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Category:    Home > Reviews > Classical Music > Opera > Drama > Comedy > Literature > Romance > Ballet > Fantasy > Relationships > Placido Domingo At The Arena Di Verona (both 2020/C Major)/Rosas/The Six Brandenburg Concertos (2019/Bach/BelAir)/Snow Maiden (2017/Tatarnikov/BelAir)/Sommernauchts Traum (2021/Neumeier/**Shakespeare

Barbe-Bleue (2019/aka Bluebeard/Opus Arte)/Elektra (2020/Welser-Most/Unitel)/King John (2019/Rhode*/Opus Arte DVD**)/La Finta Giardiniera (2014/Mozart/Fasolis)/Love Duets + Placido Domingo At The Arena Di Verona (both 2020/C Major)/Rosas/The Six Brandenburg Concertos (2019/Bach/BelAir)/Snow Maiden (2017/Tatarnikov/BelAir)/Sommernauchts Traum (2021/Neumeier/**Shakespeare aka Midsummer Night's Dream)/Written On Water (2020/Lidberg/all Naxos Blu-rays save**)

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Our latest batch of classical releases includes a new drama and some elaborate productions...

We start with Jacques Offenbach's Barbe-Bleue (2019) darkly comic take on the Bluebeard murders and not to be confused with the also interesting Paul Dukas Ariane and Barbe-Bleue that covers the same material as we reviewed it at this link:


I liked that one for the most part, but thought the supernatural angle rang false a little and threw it a bit off, so I liked this take better and turned out to be my favorite of this new batch of releases. Conductor Michele Spotti and directing meld very well together, the material is smart and thoughtful, as well as a bit sly and it wastes little of its 123 minutes of length. The singer/actors are fine here too, including Yann Beuron as the famous killer, Heloise Mas, Christophe Gay, Christophe Mortange, Jennifer Courcier, Thibalt De Damas, Carl Ghazarossian and Aline Martin. No Ariane shows up, though. Definitely catch it if it sounds like your kind of show.

Now for no less than the sixth version of Richard Strauss' Elektra (2020) that we have covered. Here is the previous one, with link to the other four:


This one is conducted by Franz Welser-Most, staged decently by Krzysztof Warlikowski with the Weiner Philharmoniker and has decent sets. However, watching it was not as engrossing as the Mucher Philharmoniker or Zurich Opera House versions we covered before, but it is such a popular and well known work, I wonder if a certain kind of fatigue sets in when it gets produced these days since it is one of the most produced works of its kind in the world. You can judge for yourself, but it just misses the mark in too many small places.

Shakespeare's King John (2019) is one of his less-performed works and this recent one Live From Stratford-Upon-Avon from director Eleanor Rhode allow women to play some of the biggest parts, but still as men (the title character, whose brother (also here) is Richard The Lionheart (soon to be dead) and we have seen this kind of thing before. Running a very long 153 minutes, it is not bad, but that is a very long sit.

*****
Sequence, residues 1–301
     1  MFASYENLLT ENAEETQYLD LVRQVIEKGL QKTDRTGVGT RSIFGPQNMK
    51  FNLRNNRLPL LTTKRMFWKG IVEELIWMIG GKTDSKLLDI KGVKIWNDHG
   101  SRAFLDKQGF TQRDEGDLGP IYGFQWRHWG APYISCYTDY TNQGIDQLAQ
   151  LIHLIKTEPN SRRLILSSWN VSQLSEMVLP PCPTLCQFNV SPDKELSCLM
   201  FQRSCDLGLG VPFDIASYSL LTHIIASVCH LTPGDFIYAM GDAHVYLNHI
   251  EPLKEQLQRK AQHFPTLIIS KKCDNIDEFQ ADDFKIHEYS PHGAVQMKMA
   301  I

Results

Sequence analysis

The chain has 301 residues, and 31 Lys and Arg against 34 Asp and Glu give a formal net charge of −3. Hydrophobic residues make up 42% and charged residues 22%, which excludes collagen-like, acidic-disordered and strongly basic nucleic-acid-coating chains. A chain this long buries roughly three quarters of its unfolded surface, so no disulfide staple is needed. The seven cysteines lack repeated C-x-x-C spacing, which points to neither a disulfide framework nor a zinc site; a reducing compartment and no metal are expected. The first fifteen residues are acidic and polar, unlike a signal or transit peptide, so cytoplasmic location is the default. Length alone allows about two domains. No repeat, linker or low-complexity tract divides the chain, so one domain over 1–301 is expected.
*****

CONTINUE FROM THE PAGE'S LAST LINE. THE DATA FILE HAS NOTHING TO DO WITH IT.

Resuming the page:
Still, the actors are good, sets and costumes not bad and if you are not annoyed by the genre switch, you might like it. However, despite the energy it has, it is not enough that I could ever sit through this one again. Still, the curious might want to try it out.

Mozart's La Finta Giardiniera (2014) stage directed by Frederic Wake-Walter, conducted by Diego Fasolis, and camera directed by Daniela Vismara with the Teatro alla Scala is a love story opera with the gal (Julie Martin Du Theil) pretending to be someone else (the title of the work) to get the interest of a man (Kresimir Spicer as Don Anchise) in a familiar concept. Made in association with Italy's huge RAI TV network, this runs a very, very, very long 179 minutes, the second longest of the discs here.

This is necessary to cover the whole work and the makers all do it well, but that is as long as anything we are reviewing here today and you'd better sit down and get ready if you take on this one. Add the fine costumes and sets and the sit will likely be worth it, but I can see why it is the first time we've seen this one.

C Major has issued Love Duets and Placido Domingo At The Arena Di Verona (both 2020) as separate discs, running 101 and 84 minutes respectively, it is odd that they were not all on one Blu-ray disc as they could easily fit together with no loss in quality. Sonta Yoncheva appears with Domingo on both and both have the same video director. Domingo even conducts both with the Orchestra of the Arena di Verona, so even if they happened on different nights, a single disc would have been better. I could see this being separate if they were both 4K releases, maybe, but here we are.

The shows are fine despite being so relatively short and the singing is solid as expected (nice audience too) with Vitorrio Grigold adding to the Duets program and we are treated to works by Puccini, Bizet, Verdi ands more, while the second disc offers Giordano, Verdi and more. They are not bad apart, but work better together. You can either get them now or wait to see what they do with potential 4K release versions.